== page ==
Ten steps closer to perfect tennis rolls

Today, I’m thrilled to report that our second  round of attempts at making tennis rolls produced  very encouraging results : an order of magnitude better than our first try! Let’s compare, shall we?

Attempt 1:

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  • the rolls were rock hard apon leaving the oven
  • the rolls had cracked across the top
  • the rolls were almost void of color. This couldn’t be fixed by longer baking since the bottoms of the rolls were already quite dark and the outer shell of the rolls had become quite ‘crusty’

Attempt 2:

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  • The rolls have great texture right out of the oven
  • The rolls have a beautiful brown color
  • The rolls rose evenly in the oven resulting in a smooth top – no cracks or seams in sight!

So what changed?

Well, after pestering family and friends for tennis roll recipes, I received a recommendation to drop the eggs from our previous recipe and use coconut milk instead of regular milk. In keeping with this suggestion – I used the recipe we followed during our first attempt with the above substitutions and omissions. I was also a lot more liberal with the orange zest since that flavor, in concert with vanilla extract, really makes this bread shine. The most important change however was patience. Last year, we were so eager that we rushed through certain parts of the recipe. Although, it took several hours ( 7 to be exact!), I took the time to assess whether or not it really was the right time to move on to the next stage. This meant letting the dough rise for three hours instead of the recommend two and taking pictures of the dough so that it would be easy to recall what it is supposed to look like (and feel like) at every stage.

Some important lessons

  • the kneading stage is extremely important and cannot be rushed. I bought a mixer with a dough hook which allowed me to knead the dough mercilessly (:)) for  more than 15 minutes. The difference between a lightly kneaded and well kneaded dough are obvious both before and after it is set aside to rise. After rising, the dough felt more stretchy, smooth and pliable than it did last time.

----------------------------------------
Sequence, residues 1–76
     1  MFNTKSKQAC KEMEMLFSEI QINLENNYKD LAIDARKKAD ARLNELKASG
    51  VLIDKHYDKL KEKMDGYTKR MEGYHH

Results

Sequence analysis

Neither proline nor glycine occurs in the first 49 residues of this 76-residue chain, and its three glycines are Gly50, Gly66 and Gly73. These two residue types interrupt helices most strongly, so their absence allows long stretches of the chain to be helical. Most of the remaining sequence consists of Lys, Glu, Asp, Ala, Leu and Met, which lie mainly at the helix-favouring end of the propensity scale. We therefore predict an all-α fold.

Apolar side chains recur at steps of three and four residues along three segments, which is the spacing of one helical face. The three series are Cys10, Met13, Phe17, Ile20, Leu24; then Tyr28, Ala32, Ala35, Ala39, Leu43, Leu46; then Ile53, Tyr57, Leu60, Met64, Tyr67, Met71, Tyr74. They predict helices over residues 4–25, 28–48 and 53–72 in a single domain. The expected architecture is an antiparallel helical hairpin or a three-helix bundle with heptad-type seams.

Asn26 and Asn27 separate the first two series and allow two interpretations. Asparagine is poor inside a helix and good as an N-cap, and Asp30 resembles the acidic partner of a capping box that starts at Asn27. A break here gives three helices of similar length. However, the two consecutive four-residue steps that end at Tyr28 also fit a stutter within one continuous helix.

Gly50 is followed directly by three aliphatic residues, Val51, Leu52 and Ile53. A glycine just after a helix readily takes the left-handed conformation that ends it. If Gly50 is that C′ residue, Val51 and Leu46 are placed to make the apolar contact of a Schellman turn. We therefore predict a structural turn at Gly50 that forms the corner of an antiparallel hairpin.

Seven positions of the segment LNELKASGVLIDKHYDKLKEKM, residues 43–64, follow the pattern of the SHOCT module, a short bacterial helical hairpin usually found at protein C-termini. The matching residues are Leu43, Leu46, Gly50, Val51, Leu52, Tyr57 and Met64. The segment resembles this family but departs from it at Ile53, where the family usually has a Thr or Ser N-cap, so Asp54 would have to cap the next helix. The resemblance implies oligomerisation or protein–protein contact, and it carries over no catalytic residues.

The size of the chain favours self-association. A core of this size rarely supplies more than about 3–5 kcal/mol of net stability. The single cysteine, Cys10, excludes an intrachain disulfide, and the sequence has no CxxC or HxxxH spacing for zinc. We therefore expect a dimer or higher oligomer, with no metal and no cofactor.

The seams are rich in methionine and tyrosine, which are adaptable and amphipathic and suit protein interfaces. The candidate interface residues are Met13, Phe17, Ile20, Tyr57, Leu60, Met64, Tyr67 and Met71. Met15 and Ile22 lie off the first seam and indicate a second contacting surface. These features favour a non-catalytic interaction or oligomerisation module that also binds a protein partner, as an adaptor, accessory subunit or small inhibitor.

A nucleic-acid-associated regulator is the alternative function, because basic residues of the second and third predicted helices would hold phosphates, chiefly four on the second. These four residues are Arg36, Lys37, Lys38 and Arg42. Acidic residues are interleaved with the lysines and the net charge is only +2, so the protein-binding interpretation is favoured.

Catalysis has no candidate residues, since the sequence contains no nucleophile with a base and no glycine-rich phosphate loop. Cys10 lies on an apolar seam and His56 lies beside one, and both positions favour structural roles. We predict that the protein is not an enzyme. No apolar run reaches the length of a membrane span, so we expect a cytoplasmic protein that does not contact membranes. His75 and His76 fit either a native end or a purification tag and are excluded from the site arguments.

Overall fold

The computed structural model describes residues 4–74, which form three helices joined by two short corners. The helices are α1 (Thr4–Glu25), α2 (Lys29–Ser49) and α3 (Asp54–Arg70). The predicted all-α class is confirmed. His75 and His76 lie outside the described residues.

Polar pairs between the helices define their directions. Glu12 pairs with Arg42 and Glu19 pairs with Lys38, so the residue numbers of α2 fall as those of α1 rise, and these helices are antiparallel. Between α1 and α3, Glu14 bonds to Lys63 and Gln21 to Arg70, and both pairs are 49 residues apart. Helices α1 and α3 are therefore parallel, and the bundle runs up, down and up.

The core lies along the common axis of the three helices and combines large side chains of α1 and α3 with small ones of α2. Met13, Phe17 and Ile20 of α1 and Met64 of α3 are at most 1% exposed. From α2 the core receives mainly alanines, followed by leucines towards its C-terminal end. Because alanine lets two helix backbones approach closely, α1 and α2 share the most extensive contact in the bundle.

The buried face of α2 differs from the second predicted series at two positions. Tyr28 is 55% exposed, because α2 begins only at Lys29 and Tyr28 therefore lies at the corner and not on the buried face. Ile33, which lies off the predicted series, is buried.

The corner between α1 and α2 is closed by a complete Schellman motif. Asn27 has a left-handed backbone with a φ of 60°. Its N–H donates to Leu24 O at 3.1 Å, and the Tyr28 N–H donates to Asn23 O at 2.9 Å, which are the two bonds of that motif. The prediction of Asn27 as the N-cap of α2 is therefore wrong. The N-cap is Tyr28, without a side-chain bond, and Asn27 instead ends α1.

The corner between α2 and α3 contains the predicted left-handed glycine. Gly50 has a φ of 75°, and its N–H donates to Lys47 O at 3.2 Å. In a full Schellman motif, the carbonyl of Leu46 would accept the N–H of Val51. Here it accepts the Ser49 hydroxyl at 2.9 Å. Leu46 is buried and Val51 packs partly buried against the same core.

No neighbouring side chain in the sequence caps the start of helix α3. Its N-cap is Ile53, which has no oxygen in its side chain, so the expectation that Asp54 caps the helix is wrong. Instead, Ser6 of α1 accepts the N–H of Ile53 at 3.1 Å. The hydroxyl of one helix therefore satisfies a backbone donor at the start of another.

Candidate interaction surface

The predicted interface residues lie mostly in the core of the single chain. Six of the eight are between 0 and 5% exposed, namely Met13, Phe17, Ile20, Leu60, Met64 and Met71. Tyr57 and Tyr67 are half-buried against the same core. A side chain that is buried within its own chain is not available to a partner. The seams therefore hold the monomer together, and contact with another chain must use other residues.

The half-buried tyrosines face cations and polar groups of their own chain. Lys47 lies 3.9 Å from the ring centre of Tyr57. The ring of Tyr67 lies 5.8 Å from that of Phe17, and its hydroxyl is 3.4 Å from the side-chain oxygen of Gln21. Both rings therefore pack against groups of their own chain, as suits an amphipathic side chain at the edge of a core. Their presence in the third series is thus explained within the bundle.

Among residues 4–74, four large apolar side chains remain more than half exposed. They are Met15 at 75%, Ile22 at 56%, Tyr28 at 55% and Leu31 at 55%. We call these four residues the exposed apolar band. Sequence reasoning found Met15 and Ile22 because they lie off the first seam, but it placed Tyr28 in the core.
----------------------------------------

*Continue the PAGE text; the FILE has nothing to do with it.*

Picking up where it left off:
• Making breads is an all day endeavor and tennis rolls are no exception. Although the end result is more than rewarding, setting aside the time to patiently knead the dough, and allow for various dough rising periods is exhausting.

More to improve on!

Of course, there will be more that I will be adjusting in the future. With this recipe , the tennis rolls came out of the oven with a lovely texture however by the end of the second day they got a bit tough. This seemed quite quick even for baked bread. I stored them in a ziplock back on the kitchen counter during this time so at this time, I am unclear about whether the storage of the rolls or something in the recipe caused the quick hardening. Any insight on this would be greatly appreciated!

Some recipes call for using parchment paper on a flat baking pan when baking the rolls. I prefer to use regular baking pans. I baked half of my rolls on parchment and the other half in baking pans and the ones baked on parchment had very burnt bottoms while the others were golden brown. Again, my technique and tools could have been at fault here but in my next round, I’ll be sticking with baking pans.

Finally, this time around, I made rolls of a smaller size than I would normally – this was mostly because I didn’t want a huge batch of rolls that came out like the last ones :). Next time, I will stick to traditionally sized rolls even if it means making less of them.

As always, here is how everything went :

I was reminded of the fact that the key to my memories about tennis rolls really is the citrus zest – something I haven’t really tasted in any any bread I’ve eaten in any other country I’ve lived in. This is what makes tennis rolls so unique and I can’t wait to try even more variations of the recipe. Feel free to share if you have one and believe me, I will try it!